Oil sunk as doubts emerged over the strength of China’s economic recovery and as tensions between Washington and Beijing flared.

Futures in New York fell as much as 9.4 per cent Friday, yet are still on track for a weekly gain. Beijing won’t set a target for economic growth this year due to “great uncertainty” over the coronavirus, although it did announce some new stimulus spending.

Meanwhile, a new Hong Kong security law stoked tensions between the U.S. and China. The U.S. condemned China’s plan to enact the sweeping national security legislation, with Secretary of State Michael Pompeo calling the proposal “disastrous.”

China abandoning its growth target “implies a certain degree of economic weakness,” which could hurt oil prices, said Bob Yawger, director of the futures division at Mizuho Securities USA. “That is a very negative situation for crude oil demand.”

In the oil market, there are warning signs that any recovery will be long and slow. The research unit of state-owned China National Petroleum Corp. said fuel demand in the country will drop by 5 per cent this year.

Plus, U.S. oil production shut-ins have peaked, Mark Rossano, an analyst with consultancy Primary Vision said.

Still, U.S. benchmark crude is set to post a fourth weekly gain. Output cuts by major producers have helped shrink inventories globally at the same time that OPEC+ works to implement its pledged reductions.

The alliance’s program this month is on the way to trimming 9.7 million barrels of daily crude output -- roughly 10 per cent of global supplies. Meanwhile, in the U.S., stockpiles at the storage hub at Cushing, Oklahoma, shrank by the most on record last week.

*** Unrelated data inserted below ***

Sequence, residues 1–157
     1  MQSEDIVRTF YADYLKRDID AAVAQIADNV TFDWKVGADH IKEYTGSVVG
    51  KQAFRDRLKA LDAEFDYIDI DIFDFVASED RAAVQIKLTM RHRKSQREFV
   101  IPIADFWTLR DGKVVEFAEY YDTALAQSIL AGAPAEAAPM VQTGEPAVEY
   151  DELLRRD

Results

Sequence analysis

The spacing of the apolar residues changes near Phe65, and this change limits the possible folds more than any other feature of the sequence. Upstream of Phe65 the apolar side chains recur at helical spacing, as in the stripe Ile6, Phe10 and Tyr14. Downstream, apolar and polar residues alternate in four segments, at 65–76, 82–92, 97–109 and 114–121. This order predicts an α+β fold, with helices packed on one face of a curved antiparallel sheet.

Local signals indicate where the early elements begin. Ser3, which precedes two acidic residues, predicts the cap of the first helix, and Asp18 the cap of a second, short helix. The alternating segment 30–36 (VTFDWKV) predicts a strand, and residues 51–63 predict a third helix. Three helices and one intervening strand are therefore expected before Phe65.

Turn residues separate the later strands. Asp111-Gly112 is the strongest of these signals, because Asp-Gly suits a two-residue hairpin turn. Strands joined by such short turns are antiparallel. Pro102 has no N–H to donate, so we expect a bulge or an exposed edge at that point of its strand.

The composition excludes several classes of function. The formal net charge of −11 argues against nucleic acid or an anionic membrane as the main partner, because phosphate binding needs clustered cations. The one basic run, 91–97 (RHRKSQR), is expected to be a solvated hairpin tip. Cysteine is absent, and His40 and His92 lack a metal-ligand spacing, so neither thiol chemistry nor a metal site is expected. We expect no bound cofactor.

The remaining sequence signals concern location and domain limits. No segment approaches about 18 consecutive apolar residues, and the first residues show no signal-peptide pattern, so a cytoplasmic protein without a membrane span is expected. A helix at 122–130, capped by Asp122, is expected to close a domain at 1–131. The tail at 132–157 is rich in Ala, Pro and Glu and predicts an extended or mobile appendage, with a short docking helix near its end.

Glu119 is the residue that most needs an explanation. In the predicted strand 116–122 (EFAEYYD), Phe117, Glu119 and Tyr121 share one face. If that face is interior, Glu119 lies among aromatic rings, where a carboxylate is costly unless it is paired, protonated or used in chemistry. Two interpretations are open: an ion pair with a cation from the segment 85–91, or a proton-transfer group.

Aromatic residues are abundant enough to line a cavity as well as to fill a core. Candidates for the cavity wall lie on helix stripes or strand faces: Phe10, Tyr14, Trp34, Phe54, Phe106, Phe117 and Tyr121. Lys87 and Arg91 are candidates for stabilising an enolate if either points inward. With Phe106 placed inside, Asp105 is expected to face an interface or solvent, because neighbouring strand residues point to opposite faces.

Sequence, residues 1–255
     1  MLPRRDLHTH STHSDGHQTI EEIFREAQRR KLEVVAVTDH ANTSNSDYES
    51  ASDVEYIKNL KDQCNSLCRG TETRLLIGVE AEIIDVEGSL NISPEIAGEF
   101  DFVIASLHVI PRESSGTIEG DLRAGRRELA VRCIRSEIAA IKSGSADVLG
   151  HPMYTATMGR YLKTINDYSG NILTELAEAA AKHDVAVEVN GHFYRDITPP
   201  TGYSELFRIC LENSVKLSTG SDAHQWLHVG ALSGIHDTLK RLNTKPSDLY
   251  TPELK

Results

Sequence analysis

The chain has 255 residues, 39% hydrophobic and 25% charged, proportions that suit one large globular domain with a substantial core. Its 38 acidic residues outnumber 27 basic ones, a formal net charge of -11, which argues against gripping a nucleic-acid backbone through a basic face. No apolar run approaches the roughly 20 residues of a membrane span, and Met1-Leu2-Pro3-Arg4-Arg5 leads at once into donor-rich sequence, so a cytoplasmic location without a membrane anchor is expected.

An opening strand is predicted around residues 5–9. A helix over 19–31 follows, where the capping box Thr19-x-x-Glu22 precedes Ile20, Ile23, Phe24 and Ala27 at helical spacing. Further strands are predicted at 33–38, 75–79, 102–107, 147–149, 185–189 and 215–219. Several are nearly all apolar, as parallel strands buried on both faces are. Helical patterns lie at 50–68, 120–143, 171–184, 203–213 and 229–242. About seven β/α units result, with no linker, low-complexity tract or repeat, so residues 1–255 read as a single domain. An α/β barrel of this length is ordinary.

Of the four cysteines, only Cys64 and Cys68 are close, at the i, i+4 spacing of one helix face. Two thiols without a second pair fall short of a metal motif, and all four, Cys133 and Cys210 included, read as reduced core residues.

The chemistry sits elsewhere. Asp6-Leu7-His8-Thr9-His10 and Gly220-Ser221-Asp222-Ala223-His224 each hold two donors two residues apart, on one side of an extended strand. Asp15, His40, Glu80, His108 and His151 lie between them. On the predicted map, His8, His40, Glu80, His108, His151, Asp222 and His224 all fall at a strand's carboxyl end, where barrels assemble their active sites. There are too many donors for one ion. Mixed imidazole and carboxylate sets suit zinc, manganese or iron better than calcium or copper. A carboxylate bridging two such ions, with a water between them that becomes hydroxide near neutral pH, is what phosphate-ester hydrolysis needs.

• West Texas Intermediate crude for July delivery dropped US$1.23 to US$32.69 a barrel at 11:02 a.m. in New York.
  • Brent for July settlement fell US$1.60 to US$34.46 a barrel on the ICE Futures Europe exchange
  • China’s oil demand earlier this month was probably at 92 per cent of levels at the same time last year, IHS Markit said, and full-year consumption is likely to be around 8 per cent lower than in 2019.

More oil-market news

  • America is doubling up on imports of the key ingredient to make premium gasoline from India ahead of summer after domestic refiners slashed production in response to the virus-driven demand collapse.
  • The cheapest gasoline in nearly two decades won’t be enough to entice nervous Americans to hit the road for Memorial Day weekend, as Covid-19 fears and economic woes continue weigh on prospective drivers.
  • Royal Dutch Shell Plc and Eni SpA won dismissal of a US$1 billion U.K. lawsuit brought against them over allegations they knew about bribes in a Nigerian oil deal.

--With assistance from Alex Longley.